Sunday, 30 June 2013

Visit with Agri Trend in Wheatland County, Alberta

The first day out in the fields of Canada, was very kindly hosted by Agri-Trend. Agri-Trend was established by Robert Saik in 1997 with the aim to help farmers grow better crops and be more profitable. We headed out to Langdon, in Wheatland county to meet up with Warren Bills, President of Agr-Trend Geo Solutions, and then went to Matt Goslings, house to discuss Agri-Trend. Matt is a self employed agrologist (Agronomist) with his own company Premium Ag, but has the benefit of the Agri-Trend network.
Check out their websites below:

Warren Bills, Me, Matt Gosling and Jake Freestone

Having discussed the various different theories behind what Agri-Trend do we headed out to see some crops in the fields. The first stop was a field of Liberty Canola (Oilseed Rape), liberty means that it can be sprayed with the chemical Liberty (Glufosinate Ammonium) from Bayer, this is an example of GMO technology and shows that the UK are getting left behind and put at a disadvantage to Canadian farmers. Land in Alberta is classified by the olds system with group 1 being the best, 3% of the land in the Wheatland county is classified as group 1, and 1/3rd of it was on the farm we visited. This was clear to see when Matt took a core of soil 3ft deep and only just got to any sort of subsoil. The field had been scanned using a Versis scanner, to measure the electrical conductivity of the soil which can be translated into a soil type map. The soil type zone map is then used to build variable rate application nutrition maps. The majority of the crops nutrition is applied when the crop is planted, as the season (100days) is too short to have time to apply in crop nutrition, although there is a trend to apply small amounts of foliar feed along with the pesticide applications. Matt told us that there was more foliar nutrition applied this year than the previous 9 years combined.

Versis Electrical Conductivity Scanner
Agri-Trend are also applying fungicide to Canola crops using an On/Off prescription map, Warren explained the 20/20 rule to decide if a variable rate application was worthwhile. If 20% or more of the field is untreated and the chemical cost is more than $20/ac it is economic to spray the crop variably. The process to get the map is quite expensive, involving aerial images from a plane, hence the uptake is low, and not very suitable to UK conditions.
We also saw some spring wheat and barley. The wheat grown is now mostly utility wheats, for Biscuit grade, rather than the hard red spring wheats. The wheat we saw was about a week of flag leaf emergence, and had only been planted 7 weeks ago. The barley is grown as a forage crop and used to feed cattle in the beef feed lot on the farm.
 Wholecrop Spring Barley
 Feed lot Beef Cattle
The feed lot had about 10,000 cattle in when we visited, but was only half full, due to the high cost of raising beef, and the high commodity price for grain. It is no longer the best economic option to walk the grain of the farm. The cattle are all bought in from elsewhere in Canada at 6-7 mths old, and then stay outside in the feedlot until they are ready to be slaughtered. Many of the cattle will be trucked to the US to be slaughtered, and then the beef will be sent back to Canada, which doesn't seem very sustainable to me. This may change as more country of origin regulation plans are enforced. Throughout the year between 20,000 and 25,000 cattle will pass through the feedlot.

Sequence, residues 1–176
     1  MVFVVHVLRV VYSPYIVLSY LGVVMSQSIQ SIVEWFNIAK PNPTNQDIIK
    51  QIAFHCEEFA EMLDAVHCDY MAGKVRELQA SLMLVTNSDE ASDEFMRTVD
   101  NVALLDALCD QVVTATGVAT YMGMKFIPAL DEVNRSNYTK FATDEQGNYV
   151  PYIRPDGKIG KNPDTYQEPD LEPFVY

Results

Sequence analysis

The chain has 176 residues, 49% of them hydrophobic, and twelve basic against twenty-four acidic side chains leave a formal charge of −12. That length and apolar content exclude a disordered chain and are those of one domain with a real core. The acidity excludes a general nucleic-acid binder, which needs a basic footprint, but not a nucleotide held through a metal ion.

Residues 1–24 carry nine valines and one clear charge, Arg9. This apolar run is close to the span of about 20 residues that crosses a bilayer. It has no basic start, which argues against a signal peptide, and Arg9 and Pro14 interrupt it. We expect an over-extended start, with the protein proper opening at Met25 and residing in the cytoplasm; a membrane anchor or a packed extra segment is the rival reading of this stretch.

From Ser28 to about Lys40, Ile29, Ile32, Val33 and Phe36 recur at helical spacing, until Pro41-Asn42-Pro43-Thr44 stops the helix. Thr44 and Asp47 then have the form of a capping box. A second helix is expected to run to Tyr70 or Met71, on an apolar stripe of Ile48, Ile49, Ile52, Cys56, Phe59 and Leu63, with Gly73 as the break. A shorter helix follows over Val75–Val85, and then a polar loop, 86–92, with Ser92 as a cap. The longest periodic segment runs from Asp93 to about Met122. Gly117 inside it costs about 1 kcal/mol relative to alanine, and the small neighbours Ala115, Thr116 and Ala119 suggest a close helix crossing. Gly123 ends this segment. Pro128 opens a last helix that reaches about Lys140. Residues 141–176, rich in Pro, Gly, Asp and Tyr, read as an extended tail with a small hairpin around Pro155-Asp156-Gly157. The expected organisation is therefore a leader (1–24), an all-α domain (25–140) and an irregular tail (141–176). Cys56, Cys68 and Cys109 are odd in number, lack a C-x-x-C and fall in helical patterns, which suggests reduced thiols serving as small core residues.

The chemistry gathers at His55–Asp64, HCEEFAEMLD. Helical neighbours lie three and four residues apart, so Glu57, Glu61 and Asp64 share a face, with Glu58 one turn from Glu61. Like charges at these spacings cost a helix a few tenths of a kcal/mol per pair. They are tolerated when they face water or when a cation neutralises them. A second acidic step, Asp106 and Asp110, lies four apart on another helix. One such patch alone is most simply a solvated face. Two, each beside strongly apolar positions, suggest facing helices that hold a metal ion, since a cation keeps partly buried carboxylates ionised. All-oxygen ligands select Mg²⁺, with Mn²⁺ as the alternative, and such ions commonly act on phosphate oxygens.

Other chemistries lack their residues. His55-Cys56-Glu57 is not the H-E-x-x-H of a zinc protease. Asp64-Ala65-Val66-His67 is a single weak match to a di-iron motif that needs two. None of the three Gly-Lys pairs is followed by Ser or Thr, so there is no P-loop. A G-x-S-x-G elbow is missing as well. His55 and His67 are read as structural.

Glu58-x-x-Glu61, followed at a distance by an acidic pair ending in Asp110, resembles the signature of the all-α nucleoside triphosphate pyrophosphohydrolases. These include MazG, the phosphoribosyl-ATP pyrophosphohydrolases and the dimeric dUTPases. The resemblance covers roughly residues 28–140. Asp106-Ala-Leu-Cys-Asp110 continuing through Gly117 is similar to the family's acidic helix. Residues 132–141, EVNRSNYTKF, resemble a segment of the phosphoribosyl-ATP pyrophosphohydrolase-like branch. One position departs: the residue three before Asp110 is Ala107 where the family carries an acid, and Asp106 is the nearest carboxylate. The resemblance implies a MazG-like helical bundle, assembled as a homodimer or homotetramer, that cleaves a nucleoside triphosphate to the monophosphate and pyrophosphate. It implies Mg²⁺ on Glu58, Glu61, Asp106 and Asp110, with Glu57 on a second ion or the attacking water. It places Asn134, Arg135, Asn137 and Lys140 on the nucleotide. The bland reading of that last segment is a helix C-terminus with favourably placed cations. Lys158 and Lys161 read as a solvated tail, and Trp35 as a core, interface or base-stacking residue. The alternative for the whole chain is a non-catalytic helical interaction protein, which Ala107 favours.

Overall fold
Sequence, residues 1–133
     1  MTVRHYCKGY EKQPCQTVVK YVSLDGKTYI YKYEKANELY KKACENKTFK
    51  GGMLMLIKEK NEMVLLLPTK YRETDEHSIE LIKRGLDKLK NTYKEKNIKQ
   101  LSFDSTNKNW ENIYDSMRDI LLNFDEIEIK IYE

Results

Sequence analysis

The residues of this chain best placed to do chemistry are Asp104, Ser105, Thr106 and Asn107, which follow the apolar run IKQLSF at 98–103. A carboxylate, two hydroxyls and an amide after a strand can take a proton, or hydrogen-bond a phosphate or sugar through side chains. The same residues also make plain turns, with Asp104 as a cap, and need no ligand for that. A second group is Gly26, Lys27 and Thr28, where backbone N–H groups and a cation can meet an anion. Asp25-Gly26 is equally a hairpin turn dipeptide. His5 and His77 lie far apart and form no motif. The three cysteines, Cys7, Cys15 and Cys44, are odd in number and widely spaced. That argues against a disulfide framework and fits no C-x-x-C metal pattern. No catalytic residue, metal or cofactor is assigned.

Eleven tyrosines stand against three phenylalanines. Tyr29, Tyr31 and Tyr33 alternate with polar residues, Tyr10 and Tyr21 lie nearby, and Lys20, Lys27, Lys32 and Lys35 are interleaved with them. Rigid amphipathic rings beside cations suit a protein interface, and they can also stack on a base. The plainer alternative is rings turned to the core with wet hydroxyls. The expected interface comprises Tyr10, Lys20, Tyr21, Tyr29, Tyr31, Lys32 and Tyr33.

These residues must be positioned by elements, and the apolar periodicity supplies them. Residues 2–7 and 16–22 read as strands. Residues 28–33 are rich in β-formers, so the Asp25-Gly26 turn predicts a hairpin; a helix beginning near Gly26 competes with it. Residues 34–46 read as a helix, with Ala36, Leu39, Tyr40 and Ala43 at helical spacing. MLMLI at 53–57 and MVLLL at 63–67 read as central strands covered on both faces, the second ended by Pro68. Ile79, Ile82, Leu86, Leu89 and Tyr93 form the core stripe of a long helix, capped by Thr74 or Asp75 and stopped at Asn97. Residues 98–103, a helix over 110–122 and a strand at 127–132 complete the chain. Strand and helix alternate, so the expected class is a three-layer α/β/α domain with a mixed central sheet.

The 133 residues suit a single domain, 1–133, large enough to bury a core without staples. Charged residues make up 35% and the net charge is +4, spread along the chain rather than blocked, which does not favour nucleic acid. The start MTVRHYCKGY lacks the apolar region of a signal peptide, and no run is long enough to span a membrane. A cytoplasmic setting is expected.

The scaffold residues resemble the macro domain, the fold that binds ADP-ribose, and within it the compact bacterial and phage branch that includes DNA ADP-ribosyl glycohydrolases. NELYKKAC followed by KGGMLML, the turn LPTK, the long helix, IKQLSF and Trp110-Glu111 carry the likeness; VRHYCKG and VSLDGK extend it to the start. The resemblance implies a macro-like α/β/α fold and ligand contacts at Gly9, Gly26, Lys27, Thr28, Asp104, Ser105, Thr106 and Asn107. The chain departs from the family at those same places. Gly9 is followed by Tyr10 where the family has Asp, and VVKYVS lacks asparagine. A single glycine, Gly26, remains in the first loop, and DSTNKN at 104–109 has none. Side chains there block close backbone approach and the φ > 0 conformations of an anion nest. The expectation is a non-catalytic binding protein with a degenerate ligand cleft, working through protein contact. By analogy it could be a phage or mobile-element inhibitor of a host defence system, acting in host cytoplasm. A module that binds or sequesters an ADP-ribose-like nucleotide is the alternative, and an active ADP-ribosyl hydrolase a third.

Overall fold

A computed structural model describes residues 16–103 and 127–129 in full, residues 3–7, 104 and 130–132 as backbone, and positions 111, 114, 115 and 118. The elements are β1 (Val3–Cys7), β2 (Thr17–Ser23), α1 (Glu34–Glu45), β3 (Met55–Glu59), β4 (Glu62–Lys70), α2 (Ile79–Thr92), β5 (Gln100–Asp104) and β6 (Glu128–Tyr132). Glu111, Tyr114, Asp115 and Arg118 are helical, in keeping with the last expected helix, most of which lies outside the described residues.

Matt Gosling, Jake, Me and Rob Saik
We ended the day with a meal of Alberta Beef ribs cooked by Matts wife Marissa, before heading north for our next stop. A great first day.

Thursday, 20 June 2013

Welcome to Canada

My Nuffield journey has begun, first country visited is Canada, and what a country it is. Having arrived in Calgary with my fellow "Nuffy", Jake freestone, and picked up our hire car, just a small little runaround.
We headed off to find our first host, Ryan Bonnett, 2012 Canadian Nuffield Scholar, where we were made very welcome and enjoyed some great hospitality. One of the great things about Nuffield is the ability to turn up a relative strangers doorstep and be made to feel at home.

As we had no visits booked up for the day we headed off into the Rocky Mountains. After leaving the sprawling city of  Calgary behind, the countryside began to open up into vast tracts of  farmland with the Rocky Mountains looming on the Horizon. As the scenery started to change from farmland to forest and the mountains got bigger, we spotted some Elk grazing on the side of the highway. The highway is all fenced off from the forest and there are purpose built overpasses to allow wildlife to cross safely .We had a quick stop in Banff, before heading to Lake Louise.

Lake Louise
Lake Louise is a large glacial Lake surrounded by high peaks and forest, with the Victoria Glacier (named after Queen Victoria) high up in the mountains at the far end of the lake. We carried on into the mountains taking in the amazing scenery and landscapes, to reach the highlight of the day for me, Lake Morraine. As we arrived at the lake a young male grizzly bear was happily grazing away on some dandelions right by the car park!

Lake Morraine, is also a glacial lake surrounded by forest and the Ten Peaks range of mountains. The contrasting colours of the water, trees, rock and big blue sky were simply breathtaking.

Lake Morraine
After leaving the stunning Lake Morraine, we headed back to Calgary along the Bow Valley Parkway, with a final stop at Johnson's canyon. Johnson's canyon is a narrow canyon carved out of the limestone rock, that you can walk up along catwalks fixed to the canyon walls.
The lower falls at Johnson's Canyon